Project Ninety: Part Six

In the quest for the per­fect paint job, Ed and Steve dis­man­tle more of the Ninety, to the pre­cise re­quire­ments of the body shop

Land Rover Monthly - - Contents - ED EVANS

If you want a per­fect paint job, prep­ping a car to body shop re­quire­ments is es­sen­tial

It is al­ways worth talk­ing to peo­ple, es­pe­cially when they’re about to un­der­take a crit­i­cal job on a Land Rover, such as a com­plete respray. Steve Grant and I asked the body shop to tell us ex­actly how they’d like the ve­hi­cle pre­pared in or­der to do the best job. They wanted as much off the ve­hi­cle as pos­si­ble be­cause that saves time mask­ing and gives best ac­cess for paint­ing all the nooks and cran­nies. And they wanted all the new pan­els sup­plied sep­a­rately, off the ve­hi­cle, so that all panel edges can be prop­erly sprayed.

Apart from help­ing to achieve a com­plete and orig­i­nal-style respray, this prepa­ra­tion work is al­ways worth do­ing be­fore send­ing a Land Rover for respray, be­cause the work is fairly easy and it saves the sig­nif­i­cant cost of the bodyshop strip­ping and mask­ing the ve­hi­cle. Ei­ther way, re­paint­ing a Land Rover prop­erly can be an ex­pen­sive and time-con­sum­ing job, de­pend­ing on the con­di­tion of the ex­ist­ing body pan­els and the num­ber of pan­els that need to be re­newed. New and old pan­els will need to be rubbed down and primed and, un­less orig­i­nal pan­els are straight and cor­ro­sion-free (un­likely on a ve­hi­cle that needs a re­paint) new pan­els are easier to pre­pare and paint.

We’re putting a lot of new pan­els into the Ninety, due partly to cor­ro­sion and partly due to mi­nor bump dam­age. Luck­ily, all pan­els are avail­able, even for this 1989 model. The two side doors and the tail door are be­ing re­placed be­cause the orig­i­nals are cor­roded and the typ­i­cal white-spot cor­ro­sion is prac­ti­cally impossible to treat. The side doors have been ex­ten­sively filled at some time in the past in an at­tempt to re­pair se­ri­ous cor­ro­sion, which hasn’t worked. The same ap­plies to the left front lower wing, which is badly dented any­way, and to the sill pan­els. It’s cheaper to fit new pan­els than pay for a spe­cial­ist body­worker to re­pair them.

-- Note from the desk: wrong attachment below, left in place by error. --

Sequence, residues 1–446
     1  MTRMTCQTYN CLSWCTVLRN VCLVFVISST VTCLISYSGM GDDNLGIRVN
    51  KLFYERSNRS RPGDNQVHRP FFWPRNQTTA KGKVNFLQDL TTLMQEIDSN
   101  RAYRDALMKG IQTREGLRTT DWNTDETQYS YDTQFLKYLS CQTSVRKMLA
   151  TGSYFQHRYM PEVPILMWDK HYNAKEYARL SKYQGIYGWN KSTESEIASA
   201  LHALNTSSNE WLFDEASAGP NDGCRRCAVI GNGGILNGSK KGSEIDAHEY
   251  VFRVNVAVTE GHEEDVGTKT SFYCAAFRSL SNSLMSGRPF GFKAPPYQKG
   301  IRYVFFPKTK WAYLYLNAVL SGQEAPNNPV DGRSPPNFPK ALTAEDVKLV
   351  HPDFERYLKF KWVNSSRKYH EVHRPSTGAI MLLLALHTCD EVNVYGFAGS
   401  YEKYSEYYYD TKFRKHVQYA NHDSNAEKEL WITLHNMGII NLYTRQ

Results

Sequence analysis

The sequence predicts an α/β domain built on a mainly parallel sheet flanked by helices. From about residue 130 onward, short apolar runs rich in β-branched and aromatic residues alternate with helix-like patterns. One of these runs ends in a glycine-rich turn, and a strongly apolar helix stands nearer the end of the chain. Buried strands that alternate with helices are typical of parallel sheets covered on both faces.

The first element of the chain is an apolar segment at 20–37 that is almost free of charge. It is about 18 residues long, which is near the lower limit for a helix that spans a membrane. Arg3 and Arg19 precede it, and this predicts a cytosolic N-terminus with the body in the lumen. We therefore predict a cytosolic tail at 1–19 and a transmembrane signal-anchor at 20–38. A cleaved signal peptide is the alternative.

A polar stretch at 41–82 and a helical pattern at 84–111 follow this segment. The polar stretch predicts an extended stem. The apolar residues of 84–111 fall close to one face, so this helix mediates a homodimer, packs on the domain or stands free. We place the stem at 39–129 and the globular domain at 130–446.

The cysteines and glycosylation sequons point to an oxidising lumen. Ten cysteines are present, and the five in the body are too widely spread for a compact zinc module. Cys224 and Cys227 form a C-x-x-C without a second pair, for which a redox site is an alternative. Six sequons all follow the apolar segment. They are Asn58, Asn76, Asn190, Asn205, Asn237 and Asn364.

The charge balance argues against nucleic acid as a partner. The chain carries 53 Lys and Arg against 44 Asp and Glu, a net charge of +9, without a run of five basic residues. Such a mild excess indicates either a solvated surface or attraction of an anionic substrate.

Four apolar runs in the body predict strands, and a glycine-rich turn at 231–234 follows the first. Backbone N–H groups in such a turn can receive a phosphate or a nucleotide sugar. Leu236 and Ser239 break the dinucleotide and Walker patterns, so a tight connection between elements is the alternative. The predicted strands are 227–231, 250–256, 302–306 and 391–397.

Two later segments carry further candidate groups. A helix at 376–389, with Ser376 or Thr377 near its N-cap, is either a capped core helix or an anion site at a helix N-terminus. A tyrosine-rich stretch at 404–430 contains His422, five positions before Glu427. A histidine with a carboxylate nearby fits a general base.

We’re also re­plac­ing the right hand lower front wing. It’s ba­si­cally good but has been re­placed some time in the past,

and the fit along the seam to the wing top panel is poor and the respray job isn’t up to scratch.

Al­though the bulk­head is still in al­most mint con­di­tion and the rear tub is dead straight with good paint, all of the paint has faded sig­nif­i­cantly over the years. So, rather than try to blend to the orig­i­nal pan­els with a colour match, it makes sense in this case to paint the whole ve­hi­cle and thus start with a clean ma­chine in the cor­rect colour with no fade or blend­ing.

I’ve ag­o­nised about the paint colour. There are a few tasty shades around on later Defender mod­els, such as Her­itage Green, and I’ve been tempted with a colour change of some sort while I have the op­por­tu­nity. But a colour change im­plies ex­tra work spray­ing in the en­gine com­part­ment and in­side the door frames so that the whole thing is the same shade. And how will th­ese cur­rently fash­ion­able colours look in ten years time? Be­sides, this is a clas­sic ve­hi­cle, so it should be in its orig­i­nal Shire Blue, which I like in any case – de­ci­sion made.

The paint shop wanted all new pan­els left off the ve­hi­cle so the flange edges of wings could be prop­erly coated, and the new doors could be eas­ily sprayed in­side, out­side and around the shut faces. This achieves a more com­plete and fac­to­ry­like paint job, so we aimed to sup­ply them a rolling chas­sis with body tub and bulk­head at­tached, plus a big pile of bits.

Newspapers in English

Newspapers from UK

© PressReader. All rights reserved.